Manchin up for cabinet post
From staff and wire reports
MORGANTOWN — Following press reports he’s being considered for Republican President-elect Donald Trump’s Cabinet, West Virginia’s Democratic U.S. Sen. Joe Manchin says he spoke with Trump last week about the nation’s future and how to help his home state.
Press reports citing unnamed sources say Trump’s team has been considering Manchin, a conservative Democrat, for energy secretary and secretary of state.
Manchin, in a statement Monday, didn’t address the Cabinet rumblings but said he assured Trump he’s “willing to work in a bipartisan manner to find common-sense solutions to the serious challenges we face.”
“Last week, President-elect Trump and I had a wide-ranging and constructive conversation about the future of our country and how we can work together to help the state of West Virginia. … I have always believed that public officials must put their state and country first and set aside partisan politics to do what’s right for the people they serve,” Manchin said.
Manchin said he looks forward to continuing the conversation with Trump later this week and public officials should put aside bipartisan politics.
A report in Politico last week identified Manchin and Sen. Heidi Heitkamp, a Democrat from fossil fuel-rich North Dakota, as being under consideration for secretary of energy in Trump’s incoming administration.
Then, on Sunday, the New York Times listed Manchin among four people reportedly added to Trump’s list of candidates for secretary of state, the nation’s top diplomatic post and long thought to be the most prestigious position in the Cabinet. The others were former ambassador to the United Nations John Bolton, former Utah governor and ambassador to China Jon Huntsman Jr. and Exxon Mobil President and CEO Rex Tillerson.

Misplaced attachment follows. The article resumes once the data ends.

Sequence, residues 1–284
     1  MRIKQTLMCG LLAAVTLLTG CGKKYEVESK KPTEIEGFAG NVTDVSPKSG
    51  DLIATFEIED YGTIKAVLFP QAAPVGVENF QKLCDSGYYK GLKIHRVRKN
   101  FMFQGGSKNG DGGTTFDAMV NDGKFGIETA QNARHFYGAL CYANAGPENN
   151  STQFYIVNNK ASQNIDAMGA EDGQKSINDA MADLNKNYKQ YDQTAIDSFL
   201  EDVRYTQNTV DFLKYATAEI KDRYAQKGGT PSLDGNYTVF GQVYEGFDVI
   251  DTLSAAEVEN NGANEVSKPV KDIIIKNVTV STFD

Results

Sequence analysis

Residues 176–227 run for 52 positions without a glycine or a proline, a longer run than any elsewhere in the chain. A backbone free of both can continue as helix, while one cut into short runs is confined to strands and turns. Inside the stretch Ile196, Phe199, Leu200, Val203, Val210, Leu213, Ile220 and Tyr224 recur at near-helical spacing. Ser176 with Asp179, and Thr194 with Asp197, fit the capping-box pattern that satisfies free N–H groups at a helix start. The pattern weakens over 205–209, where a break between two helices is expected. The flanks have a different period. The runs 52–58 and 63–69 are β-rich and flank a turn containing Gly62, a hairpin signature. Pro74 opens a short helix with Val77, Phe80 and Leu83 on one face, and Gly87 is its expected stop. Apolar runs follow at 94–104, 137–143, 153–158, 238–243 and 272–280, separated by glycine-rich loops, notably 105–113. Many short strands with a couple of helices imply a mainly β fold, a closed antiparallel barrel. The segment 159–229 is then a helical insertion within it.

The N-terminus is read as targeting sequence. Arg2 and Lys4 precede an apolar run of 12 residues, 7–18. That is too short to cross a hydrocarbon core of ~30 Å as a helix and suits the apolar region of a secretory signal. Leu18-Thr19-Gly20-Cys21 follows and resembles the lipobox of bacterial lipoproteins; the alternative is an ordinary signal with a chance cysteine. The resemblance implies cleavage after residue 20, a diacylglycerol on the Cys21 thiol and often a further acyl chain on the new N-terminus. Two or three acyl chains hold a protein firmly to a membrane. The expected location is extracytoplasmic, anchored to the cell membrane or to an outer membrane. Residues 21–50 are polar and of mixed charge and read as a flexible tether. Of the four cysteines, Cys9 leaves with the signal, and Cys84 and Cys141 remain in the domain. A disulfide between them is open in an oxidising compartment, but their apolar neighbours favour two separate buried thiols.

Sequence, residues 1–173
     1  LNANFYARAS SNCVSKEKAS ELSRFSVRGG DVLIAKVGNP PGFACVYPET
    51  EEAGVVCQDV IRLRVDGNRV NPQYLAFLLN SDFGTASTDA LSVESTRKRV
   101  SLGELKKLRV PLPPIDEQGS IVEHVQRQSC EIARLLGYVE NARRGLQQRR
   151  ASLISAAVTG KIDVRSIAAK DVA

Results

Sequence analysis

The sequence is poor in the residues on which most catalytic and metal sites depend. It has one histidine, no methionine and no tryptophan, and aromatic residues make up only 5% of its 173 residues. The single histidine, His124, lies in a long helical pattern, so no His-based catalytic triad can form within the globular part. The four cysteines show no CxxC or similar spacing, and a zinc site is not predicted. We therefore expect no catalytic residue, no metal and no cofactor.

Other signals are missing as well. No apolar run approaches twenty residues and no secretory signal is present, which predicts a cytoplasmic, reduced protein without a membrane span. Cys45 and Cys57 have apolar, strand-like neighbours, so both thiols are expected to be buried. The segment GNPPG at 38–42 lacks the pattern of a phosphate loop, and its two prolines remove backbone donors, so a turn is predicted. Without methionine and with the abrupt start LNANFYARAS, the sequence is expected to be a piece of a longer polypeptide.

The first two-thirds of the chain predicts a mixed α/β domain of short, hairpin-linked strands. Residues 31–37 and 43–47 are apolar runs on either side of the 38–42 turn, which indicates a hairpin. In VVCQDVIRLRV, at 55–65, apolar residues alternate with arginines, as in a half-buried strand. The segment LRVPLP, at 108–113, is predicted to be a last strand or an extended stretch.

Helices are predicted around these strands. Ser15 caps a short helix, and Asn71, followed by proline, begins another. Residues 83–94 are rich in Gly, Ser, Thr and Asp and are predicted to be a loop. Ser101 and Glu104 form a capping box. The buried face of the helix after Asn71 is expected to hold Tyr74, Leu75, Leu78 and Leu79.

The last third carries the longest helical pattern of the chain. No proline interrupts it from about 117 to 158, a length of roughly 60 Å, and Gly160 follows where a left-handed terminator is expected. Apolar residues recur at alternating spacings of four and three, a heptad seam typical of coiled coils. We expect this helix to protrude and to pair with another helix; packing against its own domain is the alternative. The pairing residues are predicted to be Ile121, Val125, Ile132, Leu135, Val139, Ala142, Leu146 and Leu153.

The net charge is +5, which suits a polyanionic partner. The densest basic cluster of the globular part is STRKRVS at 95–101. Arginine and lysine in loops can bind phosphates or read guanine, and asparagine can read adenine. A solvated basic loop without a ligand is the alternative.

In the Nov. 8 election, Trump carried West Virginia, capturing 69 percent of the nearly 700,000 votes cast in the Mountain State to almost 27 percent for Democrat Hillary Clinton. He won every one of the state’s 55 counties, including almost 88 percent of the vote in Grant County — his largest margin of victory in the state — to just over 51 percent of the vote in Monongalia County, his slimmest. Trump received no less than 62 percent of the vote in each Northern Panhandle county.
In the days after Trump’s victory, Manchin refused to align with his party’s leader in the Senate, Majority Leader Harry Reid, D-Nev., who issued a statement Nov. 11 saying Trump’s election “has emboldened the forces of hate and bigotry in America.”
Manchin responded the very same day, calling Reid’s comments an “embarrassment” to the Senate, to the Democratic Party and to the country.
“I want to be very clear, he does not speak for me,” Manchin said. “As difficult as it is for anyone to lose an election, the American people have spoken and Donald Trump is our President-elect. Senator Reid’s words needlessly feed the very divisiveness that is tearing this country apart.”
Manchin served as West Virginia’s secretary of state from 2001 until assuming the governor’s post in 2005. He won a special election in Nov. 2010 to fill the late Sen. Robert C. Byrd’s seat, and won a full term in 2012.
Manchin would next be up for election in 2018.